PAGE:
There are several reasons why we stopped fermenting our foods, the two main reasons being refrigeration and the “sterilization” or pasteurization movement. The first is simple to explain and understand, with refrigerators, we began to have the luxury of keeping food longer by keeping it cold. Previously, with only a few exceptions, people had two options–eat the food they hunted or gathered very quickly, or find some way to preserve the food. With the advent of electricity, refrigeration became available to almost everyone in a developed country, and with it the ability to store fresh food for a longer amount of time. Spoilage happens at a much slower temperature, so even fresh meat will keep for about a week. Because of this, and the accessibility of grocery stores, we can buy our refrigerated food, bring it home to our own refrigerator, and eat at our convenience throughout the week. No need for preservation here.Secondly, since 1857 when Louis Pasteur discovered that heating (killing) bacteria created more control over the process of alcoholic fermentation, we have been using heat to sterilize, or pasteurize, allowing us to store food, even at room temperature, for longer periods of time. However, because pasteurization kills the LABs as well as harmful microbes, there is a risk of spoilage, rancidity or putrefaction associated with any pasteurized food if contamination occurs.
Can you learn to ferment?
Anyone can ferment–the process is very simple, almost foolproof, and safe. It is also fun, relaxing, grounding, adventurous, and sometimes exciting! Even if food prep is not exciting to you, the process is fulfilling and satisfying. And when you know that you have prepared food that has numerous health benefits, costing very little money or effort, you can sit back and feel accomplished at a job well done. And as you grow more comfortable with the process, you can experiment with different recipes–some in a book, some made up on the spot. That is the beauty of fermentation! You can ferment anything! And by following some basic principles, it’s really rather difficult to mess up!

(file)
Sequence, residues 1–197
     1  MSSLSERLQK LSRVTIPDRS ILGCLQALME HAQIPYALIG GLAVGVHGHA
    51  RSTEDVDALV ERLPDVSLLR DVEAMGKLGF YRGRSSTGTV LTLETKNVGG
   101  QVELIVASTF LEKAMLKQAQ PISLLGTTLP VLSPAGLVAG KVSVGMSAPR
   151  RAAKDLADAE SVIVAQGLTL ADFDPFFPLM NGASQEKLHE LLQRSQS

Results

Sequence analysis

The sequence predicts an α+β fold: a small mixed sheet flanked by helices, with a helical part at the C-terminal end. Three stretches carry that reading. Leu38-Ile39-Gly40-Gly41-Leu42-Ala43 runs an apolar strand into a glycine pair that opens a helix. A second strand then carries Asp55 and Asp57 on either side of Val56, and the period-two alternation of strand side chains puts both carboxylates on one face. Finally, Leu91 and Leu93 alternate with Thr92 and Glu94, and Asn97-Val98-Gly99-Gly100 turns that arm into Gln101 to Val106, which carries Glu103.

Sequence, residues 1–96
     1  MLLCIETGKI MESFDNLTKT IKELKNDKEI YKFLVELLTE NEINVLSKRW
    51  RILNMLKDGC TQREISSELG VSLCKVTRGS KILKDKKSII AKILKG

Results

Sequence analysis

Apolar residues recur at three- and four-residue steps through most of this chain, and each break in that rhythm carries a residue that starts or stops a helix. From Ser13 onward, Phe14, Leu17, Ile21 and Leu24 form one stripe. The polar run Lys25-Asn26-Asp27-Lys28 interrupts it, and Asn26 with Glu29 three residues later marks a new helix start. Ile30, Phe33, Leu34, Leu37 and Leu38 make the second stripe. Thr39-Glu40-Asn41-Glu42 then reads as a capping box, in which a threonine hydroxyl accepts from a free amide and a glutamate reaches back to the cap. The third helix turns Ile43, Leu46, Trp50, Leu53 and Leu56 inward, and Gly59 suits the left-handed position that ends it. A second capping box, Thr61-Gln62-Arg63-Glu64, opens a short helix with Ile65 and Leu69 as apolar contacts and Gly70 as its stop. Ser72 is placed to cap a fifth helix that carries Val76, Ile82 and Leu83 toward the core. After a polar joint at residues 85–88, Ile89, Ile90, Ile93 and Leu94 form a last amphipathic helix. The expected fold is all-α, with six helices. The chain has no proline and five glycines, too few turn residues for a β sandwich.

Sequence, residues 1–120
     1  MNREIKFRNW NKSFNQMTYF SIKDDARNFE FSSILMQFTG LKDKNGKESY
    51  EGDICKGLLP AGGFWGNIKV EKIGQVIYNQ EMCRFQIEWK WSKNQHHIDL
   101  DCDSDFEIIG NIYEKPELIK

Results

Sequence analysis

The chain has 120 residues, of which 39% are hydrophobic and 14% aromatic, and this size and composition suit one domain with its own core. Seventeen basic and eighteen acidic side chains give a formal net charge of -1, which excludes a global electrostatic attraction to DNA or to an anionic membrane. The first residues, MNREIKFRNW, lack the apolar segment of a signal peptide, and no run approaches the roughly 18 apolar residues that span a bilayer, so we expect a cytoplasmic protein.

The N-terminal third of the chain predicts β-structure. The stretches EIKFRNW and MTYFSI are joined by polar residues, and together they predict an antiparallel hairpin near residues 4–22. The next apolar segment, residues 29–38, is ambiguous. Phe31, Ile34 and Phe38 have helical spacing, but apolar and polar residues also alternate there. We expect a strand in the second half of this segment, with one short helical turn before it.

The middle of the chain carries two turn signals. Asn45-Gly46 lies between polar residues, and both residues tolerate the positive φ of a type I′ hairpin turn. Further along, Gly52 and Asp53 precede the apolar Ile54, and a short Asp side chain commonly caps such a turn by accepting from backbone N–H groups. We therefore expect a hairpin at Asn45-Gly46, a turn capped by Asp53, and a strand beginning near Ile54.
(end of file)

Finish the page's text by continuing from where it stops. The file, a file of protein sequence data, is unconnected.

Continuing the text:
How do I get started in fermenting?
There are several good resources available as you start on your fermentation journey. Books, like Sandor Ellix Katz’s The Art of Fermentation, will give you comprehensive instruction on this subject. There are website such as Cultures for Health, and various YouTube channels that will give written and video instructions on different ferments. Finally, there are various people (including myself) who teach the basics of fermentation in a classroom setting. Search these people out and sign up for a class–the information you will learn is invaluable to your health!
I like to call my ferments my children–because they need to be taken care of in the same way–you need to create a safe environment for them, feed them, keep them clean, and most of all, love them!
Part of the art of fermentation is the intention you put into them. When you are grateful for the health and support they are going to bring you, it will fill your soul (and usually makes them taste better). While, at times, the weight of responsibility for making ferments is heavy, it is always overshadowed by the benefits–physically and spiritually. So what are you waiting for–start on this journey today!
Katz, Sandor. 2012. The Art of Fermentation: An in-depth Exploration of Essential Concepts and Processes from Around the World. Chelsea Green Publishing, White River Junction, VT.
Katz, Sandor. 2003. Wild Fermentation: the Flavor, Nutrition, and Craft of Live-Culture Foods. Chelsea Green Publishing, White River Junction, VT.